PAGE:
United States District Court, D. Kansas
March 17, 2014
BARBARA HECK, Plaintiff,
TERRY SUTCLIFFE, Defendant.
ORDER DENYING MOTION TO JOIN THIRD-PARTY DEFENDANT PURSUANT TO FED.R.CIV.P. 20
KENNETH G. GALE, Magistrate Judge.
Before the Court is Defendant's "Motion to Join Hawthorn Homes LLC as a Third-Party Defendant Pursuant to F.R.C.P. 20." (Doc. 24.) For the reasons set forth below, the Court DENIES this motion.
This case results from a settlement of a divorce action that Plaintiff filed in the District Court of Douglas County, Kansas. ( See Doc. 1, at 2-3.) Plaintiff alleges that in the settlement agreement, Defendant agreed that she "will receive [Defendant's] 1/4 complete interest in' the partnership known as Hawthorn Town Homes, LLC (Hawthorn')." ( Id., at 3.) Plaintiff brings claims for breach of contract and for fraud based on her allegation that she subsequently learned that Defendant did not have the authority to give her his interest in Hawthorn. ( Id., at 4-5.)
Defendant now moves, pursuant to Fed.R.Civ.P. 20, to join Hawthorn as a third-party Defendant. Defendant contends that should Plaintiff prevail on her claims against him, Hawthorn, "jointly or in the alternative, is responsible for any damages that may be awarded to Plaintiff by a jury." (Doc. 25, at 3.) Plaintiff responds that Defendant's motion is untimely,  fails to comply with Fed.R.Civ.P. 11(b)(2) and D. Kan. Rule 7.6, and that the requested joinder is improper. ( See Doc. 26.)
Plaintiff is correct that relief under Rule 20 is typically reserved for plaintiffs. (Doc. 26, at 5; see also Perez v. West Plains Transport, Inc., No. 13-1145-KHV-JPO, 2014 WL 61473 (D. Kan. Jan. 8, 2014).) As Plaintiff points out, however, an exception exists for a defendant asserting a counterclaim, as in the present case. Nal II, Ltd. v. Tonkin, 705 F.Supp.522, 529 (D.Kan. 1989).
Rule 20(a)(2) states that parties may be joined as defendants where both:
(A) any right to relief is asserted against them jointly, severally, or in the alternative with respect to or arising out of the same transaction, occurrence, or series of transactions or occurrences; and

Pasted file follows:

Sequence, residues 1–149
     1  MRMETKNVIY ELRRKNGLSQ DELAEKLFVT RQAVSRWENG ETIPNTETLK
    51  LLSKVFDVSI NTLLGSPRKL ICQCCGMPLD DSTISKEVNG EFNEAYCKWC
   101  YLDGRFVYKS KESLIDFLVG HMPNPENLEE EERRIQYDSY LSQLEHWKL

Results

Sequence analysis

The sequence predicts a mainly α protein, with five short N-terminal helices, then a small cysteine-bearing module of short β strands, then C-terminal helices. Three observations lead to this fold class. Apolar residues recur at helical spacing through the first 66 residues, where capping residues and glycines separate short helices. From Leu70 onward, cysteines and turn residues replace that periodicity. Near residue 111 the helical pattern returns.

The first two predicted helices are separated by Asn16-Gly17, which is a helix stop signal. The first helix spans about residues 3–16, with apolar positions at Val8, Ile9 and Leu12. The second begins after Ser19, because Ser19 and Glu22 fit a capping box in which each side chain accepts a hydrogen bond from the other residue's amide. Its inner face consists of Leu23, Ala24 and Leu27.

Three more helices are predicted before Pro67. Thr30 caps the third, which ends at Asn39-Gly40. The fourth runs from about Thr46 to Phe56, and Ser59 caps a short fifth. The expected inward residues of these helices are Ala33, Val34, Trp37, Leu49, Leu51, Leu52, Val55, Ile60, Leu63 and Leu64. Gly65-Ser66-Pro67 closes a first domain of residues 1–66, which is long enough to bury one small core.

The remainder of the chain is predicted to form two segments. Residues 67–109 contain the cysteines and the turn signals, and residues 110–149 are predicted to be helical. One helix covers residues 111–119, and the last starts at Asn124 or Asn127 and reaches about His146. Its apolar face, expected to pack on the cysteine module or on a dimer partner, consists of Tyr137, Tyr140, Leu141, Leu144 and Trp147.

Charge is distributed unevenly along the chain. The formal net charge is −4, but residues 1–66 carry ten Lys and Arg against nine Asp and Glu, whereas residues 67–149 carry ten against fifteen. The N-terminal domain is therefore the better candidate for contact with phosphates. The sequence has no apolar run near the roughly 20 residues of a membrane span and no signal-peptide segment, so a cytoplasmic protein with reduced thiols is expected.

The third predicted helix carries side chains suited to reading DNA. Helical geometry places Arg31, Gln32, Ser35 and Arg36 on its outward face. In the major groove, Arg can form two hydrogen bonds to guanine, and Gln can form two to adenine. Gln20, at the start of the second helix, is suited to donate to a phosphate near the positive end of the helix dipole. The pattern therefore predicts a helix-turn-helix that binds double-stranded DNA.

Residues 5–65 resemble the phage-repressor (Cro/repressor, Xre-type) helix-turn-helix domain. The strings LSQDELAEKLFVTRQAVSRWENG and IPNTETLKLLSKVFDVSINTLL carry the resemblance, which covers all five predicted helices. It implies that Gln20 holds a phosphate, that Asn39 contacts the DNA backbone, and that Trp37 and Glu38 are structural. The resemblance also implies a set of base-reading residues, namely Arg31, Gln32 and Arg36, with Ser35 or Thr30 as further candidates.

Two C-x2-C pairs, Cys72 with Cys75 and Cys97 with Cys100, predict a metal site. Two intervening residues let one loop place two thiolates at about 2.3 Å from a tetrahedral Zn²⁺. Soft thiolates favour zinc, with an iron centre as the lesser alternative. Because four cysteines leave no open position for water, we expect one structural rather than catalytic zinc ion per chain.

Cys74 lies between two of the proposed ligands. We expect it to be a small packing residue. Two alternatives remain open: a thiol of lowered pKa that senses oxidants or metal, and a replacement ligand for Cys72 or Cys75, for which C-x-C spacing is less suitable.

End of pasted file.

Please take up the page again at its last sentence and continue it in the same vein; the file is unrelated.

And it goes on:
(B) any question of law or fact common to all defendants will arise in the action.
National Fire Ins. Co. of Hartford v. National Cable Television Coop. Inc., No. 10-2532-CM, 2011 WL 1430331, *2 (D. Kan. April 14, 2011) (citing Fed.R.Civ.P. 20(a)(2)).
Plaintiff initially argues that Defendant fails to assert a right to relief against Hawthorn. Although Defendant states that "interpretation of [Hawthorn's] Operating Agreement may give rise to claims the Defendant may have against Hawthorn Homes...." (Doc. 25, at 4.) This is not, however, the same as actually asserting a specific right to relief against Hawthorn. Busby v. Capital One, N.A., 759 F.Supp.2d 81, at 88 (D.D.C. 2011). Further, Defendant failed to include a proposed amended pleading naming Hawthorn as a party and stating Defendant's claims against Hawthorn. As such, the Court will not consider Defendant's motion to be a motion for leave to amend his counterclaim pleading. See D. Kan. Rule 15.1. It is not the province of the Court to read between the lines of Defendant's motion and attempt to presume what his claims against Hawthorn might be.
Additionally, because Defendant has failed to assert specific claims against Hawthorn, the Court cannot determine with certainty that any such right to relief Defendant may have against Hawthorn arises out of the same transaction, occurrence, or series of transactions or occurrences as the relief Defendant seeks against Plaintiff. See Fed.R.Civ.P. 20(a)(2)(A). Considering Defendant's counterclaims against Plaintiff relate to the parties' divorce agreement - and Hawthorn was not a party to the agreement - the Court is unable to find, in the absence of adequate explanation and legal authority by Defendant, that the transaction or occurrence requirement has been met. The same is true for the requirement that a "question of law or fact common to all defendants will arise in the action." Fed.R.Civ.P. 20(a)(2)(B). Defendant's Motion to Join (Doc. 24) is, therefore, DENIED.
IT IS SO ORDERED.